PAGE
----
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Note for Building Materials and Building Construction - BMBC by Karthik M P

  • Building Materials and Building Construction - BMBC
  • Note
  • Anna University -
  • Civil Engineering
  • B.Tech
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QUARRYING OF STONES The only operation involved in the production of natural stone is the quarrying process. The open part of the natural rock from which useful stone is obtained is known as quarry. While selecting a quarry site, the points to be borne in mind are availability of sufficient quantity of the stone of desired quality, proper transportation facilities, cheap local labour, problems associated with drainage of rain water, location of important and permanent structures in the vicinity and site for dumping refuse. TOOLS Some of the quarrying tools shown in Fig. 1.2 are wedge, pin, hammer, dipper or scraping spoon, tamping bar, priming needle, jumper, borer, claying iron, crow bar. Fig. 1.2 Quarrying Tools METHODS OF QUARRYING Rocks suitable for the manufacture of stone materials are called useful minerals and the operations involved in obtaining minerals are called mining. In the process of mining, voids formed are called excavations, and the mined deposits are the quarries. The purpose of quarrying is to obtain stones for various engineering purposes. Knowledge of various quarrying methods is essential but does not make one very much more competent to choose or specify a stone for building work. Depending upon the nature and surface of rocks and the purpose for which stones are needed, quarrying is done by excavating, wedging, heating or blasting. SEASONING OF STONES A freshly cut stone carries some natural moisture known as quarry sap making it soft and workable. The quarry sap is a mineral solution and reacts chemically with the mineral constituents when the stone is exposed to atmosphere after quarrying. The stone becomes harder and compact. The process takes about 6 to 12 months for complete seasoning. When the quarry sap evaporates, it leaves a crystalline film on the faces of the stone and makes them weather resistant. The dressing before seasoning 2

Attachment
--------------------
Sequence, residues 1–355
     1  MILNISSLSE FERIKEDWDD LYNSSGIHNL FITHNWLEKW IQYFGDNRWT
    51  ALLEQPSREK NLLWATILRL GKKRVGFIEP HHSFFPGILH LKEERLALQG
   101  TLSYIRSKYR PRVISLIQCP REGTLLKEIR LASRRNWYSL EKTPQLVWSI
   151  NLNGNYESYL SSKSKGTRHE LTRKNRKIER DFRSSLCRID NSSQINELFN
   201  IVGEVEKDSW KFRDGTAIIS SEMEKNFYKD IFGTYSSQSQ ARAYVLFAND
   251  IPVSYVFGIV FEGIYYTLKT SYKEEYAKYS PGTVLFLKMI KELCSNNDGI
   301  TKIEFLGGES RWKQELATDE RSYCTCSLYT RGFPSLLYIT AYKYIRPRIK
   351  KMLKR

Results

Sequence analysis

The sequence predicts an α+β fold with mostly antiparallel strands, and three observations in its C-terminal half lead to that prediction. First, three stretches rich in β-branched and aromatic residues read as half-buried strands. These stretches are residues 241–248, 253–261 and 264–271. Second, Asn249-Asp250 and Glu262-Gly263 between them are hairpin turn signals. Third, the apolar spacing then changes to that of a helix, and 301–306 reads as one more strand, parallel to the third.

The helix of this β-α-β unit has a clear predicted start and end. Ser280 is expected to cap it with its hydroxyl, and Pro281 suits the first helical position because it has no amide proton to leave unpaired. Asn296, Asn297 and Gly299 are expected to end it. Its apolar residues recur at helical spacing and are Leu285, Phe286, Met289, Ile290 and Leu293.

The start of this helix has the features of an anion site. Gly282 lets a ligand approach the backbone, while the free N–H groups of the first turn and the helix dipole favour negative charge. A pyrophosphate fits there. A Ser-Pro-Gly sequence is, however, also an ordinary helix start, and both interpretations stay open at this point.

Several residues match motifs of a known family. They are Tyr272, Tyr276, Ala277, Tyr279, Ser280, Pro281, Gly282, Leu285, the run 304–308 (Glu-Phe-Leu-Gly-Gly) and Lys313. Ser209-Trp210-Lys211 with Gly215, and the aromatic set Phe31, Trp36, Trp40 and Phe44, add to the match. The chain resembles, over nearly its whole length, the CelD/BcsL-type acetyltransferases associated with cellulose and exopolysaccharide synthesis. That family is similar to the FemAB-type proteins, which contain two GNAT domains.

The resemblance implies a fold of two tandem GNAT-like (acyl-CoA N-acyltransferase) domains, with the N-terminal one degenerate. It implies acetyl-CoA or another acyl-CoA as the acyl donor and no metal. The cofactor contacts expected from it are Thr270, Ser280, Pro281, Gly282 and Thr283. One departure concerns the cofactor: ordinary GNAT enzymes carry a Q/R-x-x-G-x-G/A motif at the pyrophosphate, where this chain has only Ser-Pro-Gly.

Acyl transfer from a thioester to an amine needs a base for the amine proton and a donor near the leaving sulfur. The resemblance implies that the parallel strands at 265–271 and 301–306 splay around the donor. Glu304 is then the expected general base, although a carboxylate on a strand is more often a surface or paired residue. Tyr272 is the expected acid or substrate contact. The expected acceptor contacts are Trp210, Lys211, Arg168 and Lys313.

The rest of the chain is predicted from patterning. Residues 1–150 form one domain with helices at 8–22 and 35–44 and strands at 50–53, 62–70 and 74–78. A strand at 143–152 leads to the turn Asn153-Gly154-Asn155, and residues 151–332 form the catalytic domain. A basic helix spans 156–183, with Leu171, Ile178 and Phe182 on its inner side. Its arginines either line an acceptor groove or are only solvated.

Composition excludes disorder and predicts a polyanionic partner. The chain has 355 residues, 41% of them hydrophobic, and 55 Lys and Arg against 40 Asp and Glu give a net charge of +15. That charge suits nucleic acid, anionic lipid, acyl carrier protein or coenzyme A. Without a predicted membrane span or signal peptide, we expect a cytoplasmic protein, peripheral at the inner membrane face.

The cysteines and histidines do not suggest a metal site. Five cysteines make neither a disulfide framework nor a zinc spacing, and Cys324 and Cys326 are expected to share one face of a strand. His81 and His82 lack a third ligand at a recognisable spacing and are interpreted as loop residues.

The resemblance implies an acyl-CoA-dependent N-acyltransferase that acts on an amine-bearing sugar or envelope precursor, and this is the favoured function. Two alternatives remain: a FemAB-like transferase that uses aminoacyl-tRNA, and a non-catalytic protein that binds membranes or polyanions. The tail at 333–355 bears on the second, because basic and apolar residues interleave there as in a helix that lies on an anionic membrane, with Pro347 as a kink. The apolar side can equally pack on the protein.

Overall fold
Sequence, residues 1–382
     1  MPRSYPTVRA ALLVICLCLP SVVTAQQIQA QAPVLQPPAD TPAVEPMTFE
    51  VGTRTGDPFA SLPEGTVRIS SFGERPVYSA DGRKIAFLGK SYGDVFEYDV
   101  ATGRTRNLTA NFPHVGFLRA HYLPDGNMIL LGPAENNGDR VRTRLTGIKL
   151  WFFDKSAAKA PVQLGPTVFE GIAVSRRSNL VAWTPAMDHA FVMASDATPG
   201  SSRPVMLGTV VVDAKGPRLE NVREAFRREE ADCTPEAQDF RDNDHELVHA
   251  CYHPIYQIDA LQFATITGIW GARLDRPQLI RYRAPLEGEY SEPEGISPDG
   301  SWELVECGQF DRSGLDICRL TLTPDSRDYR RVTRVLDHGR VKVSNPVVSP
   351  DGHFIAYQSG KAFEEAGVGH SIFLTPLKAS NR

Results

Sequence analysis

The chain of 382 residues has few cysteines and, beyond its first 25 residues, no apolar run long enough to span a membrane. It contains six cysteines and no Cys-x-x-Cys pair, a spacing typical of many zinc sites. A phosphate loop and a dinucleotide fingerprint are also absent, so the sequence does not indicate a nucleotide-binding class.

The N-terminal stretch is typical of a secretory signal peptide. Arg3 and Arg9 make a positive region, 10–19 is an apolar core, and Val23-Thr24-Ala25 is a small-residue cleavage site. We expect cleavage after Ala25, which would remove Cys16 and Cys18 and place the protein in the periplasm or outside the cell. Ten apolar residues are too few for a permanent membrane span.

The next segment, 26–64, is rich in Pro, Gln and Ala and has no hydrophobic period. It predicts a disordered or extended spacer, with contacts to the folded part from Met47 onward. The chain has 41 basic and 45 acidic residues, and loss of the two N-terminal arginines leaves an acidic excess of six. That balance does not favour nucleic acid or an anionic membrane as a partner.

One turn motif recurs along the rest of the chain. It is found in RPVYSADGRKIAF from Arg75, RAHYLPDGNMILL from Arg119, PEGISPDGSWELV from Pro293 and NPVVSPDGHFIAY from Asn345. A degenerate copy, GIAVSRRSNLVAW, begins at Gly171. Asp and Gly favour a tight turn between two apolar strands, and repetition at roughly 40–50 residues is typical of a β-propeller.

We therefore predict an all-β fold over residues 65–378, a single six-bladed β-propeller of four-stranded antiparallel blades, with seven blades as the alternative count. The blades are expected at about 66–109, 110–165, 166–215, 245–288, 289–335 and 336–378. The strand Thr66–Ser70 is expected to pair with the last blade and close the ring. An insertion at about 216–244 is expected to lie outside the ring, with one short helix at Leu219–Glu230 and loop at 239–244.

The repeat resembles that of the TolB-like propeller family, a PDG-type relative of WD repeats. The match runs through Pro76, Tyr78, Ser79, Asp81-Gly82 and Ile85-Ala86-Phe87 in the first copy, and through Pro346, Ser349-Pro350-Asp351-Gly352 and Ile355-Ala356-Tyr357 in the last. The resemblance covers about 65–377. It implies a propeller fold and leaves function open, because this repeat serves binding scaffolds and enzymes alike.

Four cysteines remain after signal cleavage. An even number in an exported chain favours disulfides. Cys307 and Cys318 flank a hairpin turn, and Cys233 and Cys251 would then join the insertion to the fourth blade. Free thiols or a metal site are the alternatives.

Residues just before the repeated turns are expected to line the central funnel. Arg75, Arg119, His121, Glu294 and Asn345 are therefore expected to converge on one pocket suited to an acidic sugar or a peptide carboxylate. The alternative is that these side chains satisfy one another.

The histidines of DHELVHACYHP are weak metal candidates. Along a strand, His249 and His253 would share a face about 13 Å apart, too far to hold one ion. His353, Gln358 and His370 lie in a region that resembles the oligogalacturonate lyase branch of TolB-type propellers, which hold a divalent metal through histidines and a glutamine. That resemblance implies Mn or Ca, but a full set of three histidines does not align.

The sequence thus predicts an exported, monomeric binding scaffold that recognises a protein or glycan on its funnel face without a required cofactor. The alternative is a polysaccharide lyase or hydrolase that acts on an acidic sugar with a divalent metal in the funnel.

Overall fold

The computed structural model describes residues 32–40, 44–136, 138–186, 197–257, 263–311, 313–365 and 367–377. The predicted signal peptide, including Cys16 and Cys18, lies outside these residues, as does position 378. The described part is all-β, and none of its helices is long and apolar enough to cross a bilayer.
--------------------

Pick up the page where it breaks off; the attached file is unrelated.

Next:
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improves the weather resistance. As such, the dressing, carving and moulding, etc. should be done as early after quarrying as possible. DRESSING OF STONES A quarried stone has rough surfaces, which are dressed to obtain a definite and regular shape. Dressing of stones is done immediately after quarrying and before seasoning to achieve less weight for transportation. Dressing of stone provides pleasing appearance, proper bedding with good mortar joints, special shapes for arches, copings, pillars, etc. The various types of dressed stones are shown in Fig. 1.3. Fig. 1.3 Dressed Stone Surface USES OF STONES Use of stone as building material depends upon the nature of the work, type of the structural element in which it is to be used and its quality, availability and transportation cost. For structural purpose, granite, gneiss, trap, sandstone, limestone, marble, quartzite and slate are most useful. On the basis of the method of manufacture, items and materials from natural stones are classified as Sawn— obtained either from massive rocks by stone-cutting and stone-splitting machines (large stones) or from semi-product blocks by appropriate working (facing slabs, windows sill slabs, etc.); Split obtained by splitting and finishing blocks (curb stones, paving blocks, etc.); Roughly split— manufactured by oriented splitting of blocks (bedded stone); Fractured—produced by blasting rocks and separating finer sizes (quarry stone); Crushed—produced by crushing and screening (crushed stone, artificial sand) and; Ground—obtained by grinding rocks (ground mineral powder, stone powder). • Structure: Foundations, wells, columns, lintels, arches, roofs, floors, damp proof course, etc., • Face Works: Massive appearance to the structure • Paving Stones: Cover the floor of various buildings and also adopted for paving roads, foot paths, etc., • Basic Materials: Converted to form basic material for cement concrete, morum of roads, calcareous cements, artificial stones and hollow blocks, etc., • Miscellaneous: Ballast for railways, flux in furnace, blocks in bridges, piers, abutments, retaining walls etc., 3